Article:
There are a few stories I’m invested in currently, but the biggest one is that of Bray Wyatt. Over the years, Wyatt has consistently been one of the best at talking on the mic and building a story. You get sucked in by him. Leading the Wyatt Family, he played a cult leader that would use his horror to scare opponents. The issue was…he’d always lose. It made it difficult to believe his storylines because you could guess the outcome every time. Regardless of how dominant he was as a character in the build up…his character lost believability because he’d never follow it up.
Last year, Wyatt went away for a while. On his return, he came back as a completely new character. He wasn’t in the ring, he had a video promo segment. As a kids TV presenter. It was surreal. It was creepy. It included nods to his previous characters and character arcs. He cut a cardboard cutout of his old character in half with a chainsaw. He presented himself as a deranged child’s TV host and it was incredible. Eventually, he started to portray himself almost as having schizophrenia. We then got introduced to an alter-ego, The Fiend. Over the months that followed, The Fiend targeted Wyatt’s old rivals, overcoming them with ease and getting revenge. After each win, the loser would change – often change back to an older version of their character. As we approach Wrestlemania, The Fiend faces John Cena, another person that beat Wyatt…and the storyline tells itself.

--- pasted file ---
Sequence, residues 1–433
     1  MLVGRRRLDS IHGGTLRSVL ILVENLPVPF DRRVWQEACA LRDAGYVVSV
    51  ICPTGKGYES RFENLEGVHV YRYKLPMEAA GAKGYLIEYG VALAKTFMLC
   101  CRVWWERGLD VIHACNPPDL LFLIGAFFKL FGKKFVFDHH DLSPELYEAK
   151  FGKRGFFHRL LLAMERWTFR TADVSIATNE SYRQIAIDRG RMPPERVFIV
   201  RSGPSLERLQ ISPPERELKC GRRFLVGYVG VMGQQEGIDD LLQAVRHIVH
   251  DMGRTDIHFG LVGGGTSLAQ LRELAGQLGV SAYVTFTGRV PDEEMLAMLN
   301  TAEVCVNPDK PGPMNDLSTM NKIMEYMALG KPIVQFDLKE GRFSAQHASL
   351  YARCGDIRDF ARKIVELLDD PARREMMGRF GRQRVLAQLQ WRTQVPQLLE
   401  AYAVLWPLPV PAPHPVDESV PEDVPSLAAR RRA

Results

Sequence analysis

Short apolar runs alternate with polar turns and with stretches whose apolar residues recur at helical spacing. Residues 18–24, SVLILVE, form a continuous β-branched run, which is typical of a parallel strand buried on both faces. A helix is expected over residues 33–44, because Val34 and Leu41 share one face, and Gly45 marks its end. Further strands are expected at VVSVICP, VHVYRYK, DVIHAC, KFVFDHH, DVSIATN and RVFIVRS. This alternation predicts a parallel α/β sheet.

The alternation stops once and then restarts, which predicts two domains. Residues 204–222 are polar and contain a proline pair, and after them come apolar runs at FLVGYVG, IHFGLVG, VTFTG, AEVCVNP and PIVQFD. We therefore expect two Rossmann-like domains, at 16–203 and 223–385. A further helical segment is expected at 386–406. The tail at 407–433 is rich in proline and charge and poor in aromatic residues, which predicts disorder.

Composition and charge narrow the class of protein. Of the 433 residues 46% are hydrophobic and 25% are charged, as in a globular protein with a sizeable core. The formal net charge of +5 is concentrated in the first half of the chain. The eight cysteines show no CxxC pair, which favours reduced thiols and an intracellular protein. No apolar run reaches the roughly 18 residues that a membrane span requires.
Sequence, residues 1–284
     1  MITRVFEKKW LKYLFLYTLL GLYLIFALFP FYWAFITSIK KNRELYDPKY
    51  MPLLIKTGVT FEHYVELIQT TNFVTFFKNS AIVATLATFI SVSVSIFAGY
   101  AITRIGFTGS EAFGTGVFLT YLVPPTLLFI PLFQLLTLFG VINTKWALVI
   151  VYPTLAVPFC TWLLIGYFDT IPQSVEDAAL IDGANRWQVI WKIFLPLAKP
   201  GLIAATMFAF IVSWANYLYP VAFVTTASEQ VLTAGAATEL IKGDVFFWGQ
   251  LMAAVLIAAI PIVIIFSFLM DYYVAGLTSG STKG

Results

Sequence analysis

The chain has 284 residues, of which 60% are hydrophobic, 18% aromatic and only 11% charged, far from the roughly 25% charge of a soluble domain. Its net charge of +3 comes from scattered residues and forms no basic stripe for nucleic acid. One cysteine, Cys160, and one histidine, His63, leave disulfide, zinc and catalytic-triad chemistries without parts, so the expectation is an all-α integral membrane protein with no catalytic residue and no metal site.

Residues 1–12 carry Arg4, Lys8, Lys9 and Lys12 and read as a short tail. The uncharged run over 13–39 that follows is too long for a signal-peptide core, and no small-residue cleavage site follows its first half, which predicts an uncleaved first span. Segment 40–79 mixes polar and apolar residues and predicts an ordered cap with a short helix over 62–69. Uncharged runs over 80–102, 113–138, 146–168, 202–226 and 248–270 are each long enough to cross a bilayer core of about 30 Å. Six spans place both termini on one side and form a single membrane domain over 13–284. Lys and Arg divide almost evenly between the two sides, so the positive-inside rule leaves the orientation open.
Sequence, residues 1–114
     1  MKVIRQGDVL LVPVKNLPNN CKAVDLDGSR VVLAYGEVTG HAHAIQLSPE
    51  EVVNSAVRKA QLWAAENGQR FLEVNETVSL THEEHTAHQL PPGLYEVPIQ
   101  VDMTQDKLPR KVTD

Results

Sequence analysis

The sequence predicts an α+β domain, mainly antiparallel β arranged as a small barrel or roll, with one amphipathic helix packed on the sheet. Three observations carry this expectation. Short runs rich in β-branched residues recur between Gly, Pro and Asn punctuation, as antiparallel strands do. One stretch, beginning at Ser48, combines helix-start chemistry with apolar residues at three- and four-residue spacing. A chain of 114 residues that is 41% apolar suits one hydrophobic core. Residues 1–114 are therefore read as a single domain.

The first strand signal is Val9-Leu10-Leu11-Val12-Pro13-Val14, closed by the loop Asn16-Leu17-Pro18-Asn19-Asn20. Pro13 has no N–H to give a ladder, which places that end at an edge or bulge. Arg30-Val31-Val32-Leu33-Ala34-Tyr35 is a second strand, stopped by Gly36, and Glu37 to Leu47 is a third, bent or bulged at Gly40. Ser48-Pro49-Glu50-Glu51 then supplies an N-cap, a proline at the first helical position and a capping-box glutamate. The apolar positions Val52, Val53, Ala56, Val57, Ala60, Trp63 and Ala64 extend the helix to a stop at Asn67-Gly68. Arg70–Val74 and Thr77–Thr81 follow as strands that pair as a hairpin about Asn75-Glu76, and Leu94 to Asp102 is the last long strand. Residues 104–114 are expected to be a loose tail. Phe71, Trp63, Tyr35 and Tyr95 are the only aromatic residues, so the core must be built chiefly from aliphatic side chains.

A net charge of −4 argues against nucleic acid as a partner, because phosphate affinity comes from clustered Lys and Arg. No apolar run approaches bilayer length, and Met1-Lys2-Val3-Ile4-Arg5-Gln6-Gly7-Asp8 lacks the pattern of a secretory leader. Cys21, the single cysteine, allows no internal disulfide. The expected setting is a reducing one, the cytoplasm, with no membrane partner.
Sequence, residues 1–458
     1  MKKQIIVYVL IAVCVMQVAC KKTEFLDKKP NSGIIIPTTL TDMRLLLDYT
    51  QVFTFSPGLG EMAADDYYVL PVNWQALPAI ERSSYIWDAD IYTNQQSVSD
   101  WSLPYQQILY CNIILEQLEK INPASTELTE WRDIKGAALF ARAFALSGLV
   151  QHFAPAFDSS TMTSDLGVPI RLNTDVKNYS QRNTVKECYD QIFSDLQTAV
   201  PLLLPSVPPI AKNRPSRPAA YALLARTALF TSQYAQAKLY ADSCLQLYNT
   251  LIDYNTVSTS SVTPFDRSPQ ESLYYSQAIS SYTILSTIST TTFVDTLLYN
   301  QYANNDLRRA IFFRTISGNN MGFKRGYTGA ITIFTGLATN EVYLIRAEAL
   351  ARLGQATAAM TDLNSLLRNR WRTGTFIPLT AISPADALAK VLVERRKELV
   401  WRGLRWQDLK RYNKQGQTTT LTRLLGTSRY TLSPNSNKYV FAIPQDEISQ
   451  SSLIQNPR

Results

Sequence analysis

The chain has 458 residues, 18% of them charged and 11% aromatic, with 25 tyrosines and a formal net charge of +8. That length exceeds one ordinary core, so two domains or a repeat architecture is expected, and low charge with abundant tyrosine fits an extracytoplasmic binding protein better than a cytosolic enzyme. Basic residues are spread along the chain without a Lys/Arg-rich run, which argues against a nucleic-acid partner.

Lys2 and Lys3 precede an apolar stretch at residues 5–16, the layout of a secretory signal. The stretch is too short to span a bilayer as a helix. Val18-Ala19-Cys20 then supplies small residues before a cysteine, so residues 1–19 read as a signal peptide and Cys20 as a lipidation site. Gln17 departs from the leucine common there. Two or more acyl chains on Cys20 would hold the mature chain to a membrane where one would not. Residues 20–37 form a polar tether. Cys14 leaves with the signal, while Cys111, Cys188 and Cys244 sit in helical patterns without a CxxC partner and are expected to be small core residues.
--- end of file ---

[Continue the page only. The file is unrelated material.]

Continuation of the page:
It’s unlike anything else on TV at the moment, unlike any other sport. It’s a complete escape from reality. It doesn’t matter that the ending is pre-determined. If you watch a film, it doesn’t matter that the ending is scripted…you can still enjoy it. You can still escape in it. And that’s exactly what wrestling is about…the escape. It’s a soap opera, of sorts, with a sports element.
As the world becomes affected more and more by the Coronavirus, most sports are closing their doors. Seasons have been postponed. Tournaments postponed. Yet WWE continues to go on without a live audience, giving people something to escape in.
At a time where people could do with something to take their minds off the real world, you could do far worse than start watching WWE. It is ridiculous. It often knows it is. Watching Stone Cold Steve Austin ask an empty arena to shout “Hell Yeah” shows that. It mocks itself. It takes itself seriously, but isn’t afraid to lighten up. The promos and acting are as good as anything you’ll see on a soap (watch Bray Wyatt and John Cena on Smackdown from Friday 13th March and tell me otherwise – I dare you) and the stories can take you away.
Much like they gave us something to take our minds away from the death of Princess Diana and the national mourning around that, the WWE are now giving us some kind of sport – even if it does have fixed endings – some kind of story…to take our imaginations and thoughts away somewhere different to Coronavirus. That can’t be a bad thing.
It still has the power to make you feel like a big kid and suspend your disbelief.
Thanks for reading!